Nav: Home

Argonne National Laboratory program to provide opportunity to launch ventures

May 24, 2016

Argonne, IL. -Developing transformative energy technologies and cleaner manufacturing processes and new materials requires more than a great idea and some committed people. It takes an innovation ecosystem.

To meet this challenge, the U.S. Department of Energy's Office of Energy Efficiency and Renewable Energy (EERE) and Argonne National Laboratory announced today a new innovation accelerator program for science and energy entrepreneurs called Chain Reaction Innovations (CRI).

Interested innovators should sign up starting today at http://www.anl.gov/work-argonne/chain-reaction-innovations to be notified when the application process opens later this summer.

The commercialization of complex science and energy technologies requires hefty capital investment, access to world-leading scientific tools and facilities, and lengthy development timescales beyond the typical software startup and venture capital models. To help entrepreneurs bridge this commercialization valley of death, CRI will support cutting-edge innovators to work on early-stage technologies that can deliver game-changing impact to the energy industry.

Selected innovators will benefit from up to a two-year engagement, including a fellowship, seed funding for technical collaboration with the laboratory, access to space at Argonne, guidance in using the R&D tools and expertise housed there, and connections to the Midwest's rich network of business mentors and investors.

CRI is one of EERE's Lab-Embedded Entrepreneurship Programs (LEEP), sponsored by EERE's Advanced Manufacturing Office (AMO). LEEP, which is modeled on a successful pilot project between AMO and Lawrence Berkeley National Laboratory (LBNL) called Cyclotron Road, provides innovators the mentorship and technical support needed to advance challenging science and clean energy technologies to the proof-of-concept stage where they can launch into the marketplace. Embedding innovators in the National Lab environment, with unparalleled R&D infrastructure and world-class technical expertise, allows innovators to build technologies that are otherwise too early or uncertain for venture capital to support.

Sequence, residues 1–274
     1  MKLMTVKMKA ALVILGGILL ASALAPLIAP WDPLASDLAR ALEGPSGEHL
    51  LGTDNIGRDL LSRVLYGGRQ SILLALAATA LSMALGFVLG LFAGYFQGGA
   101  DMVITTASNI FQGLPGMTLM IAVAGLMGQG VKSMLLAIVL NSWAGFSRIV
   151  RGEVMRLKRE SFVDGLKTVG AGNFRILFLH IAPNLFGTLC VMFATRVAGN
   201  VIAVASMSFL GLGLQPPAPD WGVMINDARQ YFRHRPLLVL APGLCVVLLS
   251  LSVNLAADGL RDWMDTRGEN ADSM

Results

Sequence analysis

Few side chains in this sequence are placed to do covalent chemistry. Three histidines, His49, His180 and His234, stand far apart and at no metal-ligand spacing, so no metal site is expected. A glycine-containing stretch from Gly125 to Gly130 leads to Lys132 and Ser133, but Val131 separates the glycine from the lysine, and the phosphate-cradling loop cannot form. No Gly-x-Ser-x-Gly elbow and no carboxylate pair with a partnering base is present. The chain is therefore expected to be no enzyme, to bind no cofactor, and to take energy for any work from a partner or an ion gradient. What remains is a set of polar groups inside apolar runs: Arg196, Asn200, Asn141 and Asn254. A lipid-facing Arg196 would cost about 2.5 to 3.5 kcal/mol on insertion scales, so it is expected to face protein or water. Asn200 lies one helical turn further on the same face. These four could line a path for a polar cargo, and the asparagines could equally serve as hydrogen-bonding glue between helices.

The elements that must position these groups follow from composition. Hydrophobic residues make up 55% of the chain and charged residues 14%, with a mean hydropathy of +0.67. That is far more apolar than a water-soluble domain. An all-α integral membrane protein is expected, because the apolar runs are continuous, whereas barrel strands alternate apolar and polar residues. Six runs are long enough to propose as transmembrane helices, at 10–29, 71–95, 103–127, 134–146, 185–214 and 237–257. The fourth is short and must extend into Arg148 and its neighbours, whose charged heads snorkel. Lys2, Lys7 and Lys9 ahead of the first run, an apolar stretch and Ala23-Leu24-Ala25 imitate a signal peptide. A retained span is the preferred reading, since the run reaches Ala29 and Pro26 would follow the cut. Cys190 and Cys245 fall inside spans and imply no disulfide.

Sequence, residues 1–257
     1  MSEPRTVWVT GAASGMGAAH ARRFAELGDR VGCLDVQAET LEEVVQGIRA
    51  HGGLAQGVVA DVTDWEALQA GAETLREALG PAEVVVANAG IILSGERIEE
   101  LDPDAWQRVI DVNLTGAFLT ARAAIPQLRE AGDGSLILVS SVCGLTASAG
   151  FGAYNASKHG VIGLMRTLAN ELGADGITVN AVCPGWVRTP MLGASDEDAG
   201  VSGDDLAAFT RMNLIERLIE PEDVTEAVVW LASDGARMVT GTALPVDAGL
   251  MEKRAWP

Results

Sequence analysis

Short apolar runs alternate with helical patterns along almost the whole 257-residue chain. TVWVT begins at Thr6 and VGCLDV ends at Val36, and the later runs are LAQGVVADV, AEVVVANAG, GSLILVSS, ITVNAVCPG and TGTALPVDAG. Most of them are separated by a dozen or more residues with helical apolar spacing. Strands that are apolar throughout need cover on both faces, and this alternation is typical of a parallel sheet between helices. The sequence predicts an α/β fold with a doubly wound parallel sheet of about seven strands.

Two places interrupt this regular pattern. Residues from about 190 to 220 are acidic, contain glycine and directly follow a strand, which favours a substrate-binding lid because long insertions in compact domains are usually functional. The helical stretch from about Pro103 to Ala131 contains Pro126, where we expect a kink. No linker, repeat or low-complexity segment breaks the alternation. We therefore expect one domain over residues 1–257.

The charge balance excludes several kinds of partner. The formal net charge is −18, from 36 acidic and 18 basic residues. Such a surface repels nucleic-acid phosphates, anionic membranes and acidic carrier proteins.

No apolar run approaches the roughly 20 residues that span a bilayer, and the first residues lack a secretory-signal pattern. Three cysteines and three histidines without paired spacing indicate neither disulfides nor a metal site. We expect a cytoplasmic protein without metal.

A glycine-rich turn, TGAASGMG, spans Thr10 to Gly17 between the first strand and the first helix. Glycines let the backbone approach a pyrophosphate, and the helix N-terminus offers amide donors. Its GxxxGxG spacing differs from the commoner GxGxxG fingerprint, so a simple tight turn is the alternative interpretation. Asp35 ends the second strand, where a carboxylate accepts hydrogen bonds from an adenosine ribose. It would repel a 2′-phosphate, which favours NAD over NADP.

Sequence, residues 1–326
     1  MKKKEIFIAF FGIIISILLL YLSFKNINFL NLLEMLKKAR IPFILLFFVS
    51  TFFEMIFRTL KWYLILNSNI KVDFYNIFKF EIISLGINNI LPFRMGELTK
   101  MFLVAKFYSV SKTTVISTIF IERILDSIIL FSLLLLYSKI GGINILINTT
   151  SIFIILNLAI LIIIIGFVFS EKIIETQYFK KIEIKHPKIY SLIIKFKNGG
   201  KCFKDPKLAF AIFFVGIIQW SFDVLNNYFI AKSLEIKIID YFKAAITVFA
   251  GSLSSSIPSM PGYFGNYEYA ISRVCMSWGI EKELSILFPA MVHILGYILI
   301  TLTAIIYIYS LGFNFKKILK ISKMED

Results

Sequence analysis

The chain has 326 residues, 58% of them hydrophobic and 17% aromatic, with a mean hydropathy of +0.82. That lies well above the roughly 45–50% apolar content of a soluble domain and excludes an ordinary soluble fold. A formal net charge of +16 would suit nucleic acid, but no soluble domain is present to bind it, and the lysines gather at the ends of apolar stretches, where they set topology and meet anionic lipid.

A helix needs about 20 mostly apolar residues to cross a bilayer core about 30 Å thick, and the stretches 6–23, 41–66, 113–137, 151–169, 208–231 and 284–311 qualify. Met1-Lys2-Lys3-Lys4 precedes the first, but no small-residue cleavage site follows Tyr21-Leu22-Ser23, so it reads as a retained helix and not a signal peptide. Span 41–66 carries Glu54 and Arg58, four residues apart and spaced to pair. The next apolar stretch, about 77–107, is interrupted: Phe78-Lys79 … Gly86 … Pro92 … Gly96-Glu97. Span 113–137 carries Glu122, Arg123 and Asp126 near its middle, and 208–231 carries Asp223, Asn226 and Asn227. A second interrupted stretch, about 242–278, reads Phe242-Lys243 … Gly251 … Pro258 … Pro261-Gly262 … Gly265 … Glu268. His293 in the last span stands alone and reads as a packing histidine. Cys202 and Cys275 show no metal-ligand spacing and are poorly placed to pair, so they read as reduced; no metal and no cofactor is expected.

"Clean energy is this generation's defining opportunity," said Dr. David Danielson, assistant secretary for the Office of Energy Efficiency and Renewable Energy. "It has the potential to improve the lives of billions of people worldwide and forever change the way we live.

"But our most promising innovators face significant challenges in getting the resources and support they need to create cutting-edge clean energy startups, especially when it comes to developing physical science based technologies. They increasingly are choosing to create software startups or direct their talents elsewhere. If we don't rally behind them as a nation, I fear we risk a 'lost generation' of early-stage clean energy technology entrepreneurs. With this initiative, we are giving our best and brightest the support needed to tackle our nation's greatest energy challenges and change the world."

Launching CRI at Argonne enables startups to leverage the unique collection of manufacturing hubs, Fortune 500 companies, research universities, and innovation incubators and accelerators found in Chicago and the surrounding states.

"This launch of Chain Reaction Innovations should rally local innovators to pull together their boldest vision and greatest dreams," said AMO Director Mark Johnson. [A similar program called] Cyclotron Road has had tremendous success at Berkeley National Laboratory in growing energy-focused startups and leveraging national laboratory expertise. We expect to transplant that same success to the Midwest because Argonne is a tremendous resource to be unlocked for would-be entrepreneurs to achieve their dreams in accelerating the creation of transformative products focused on energy, manufacturing, and sustainability."

"Argonne and Chicago sit at the heart of one of our nation's greatest concentrations of research institutions, an industrial base that is driving clean tech and advanced manufacturing, and a population that embraces innovation," said Argonne Laboratory Director Peter Littlewood. "This is a fertile ecosystem in which to grow the nation's next game-changing energy or material-based technology."

Chain Reactions Innovations will provide innovators access to Argonne's deep network of 1,400 multi-disciplinary researchers and engineers as well as unique tools, including the Mira supercomputer and the nation's highest-energy X-ray source, the Advanced Photon Source. Through a partnership with mentor organizations, CRI participants will also receive assistance with developing business strategies, conducting market research, and finding long-term financing and commercial partners.
-end-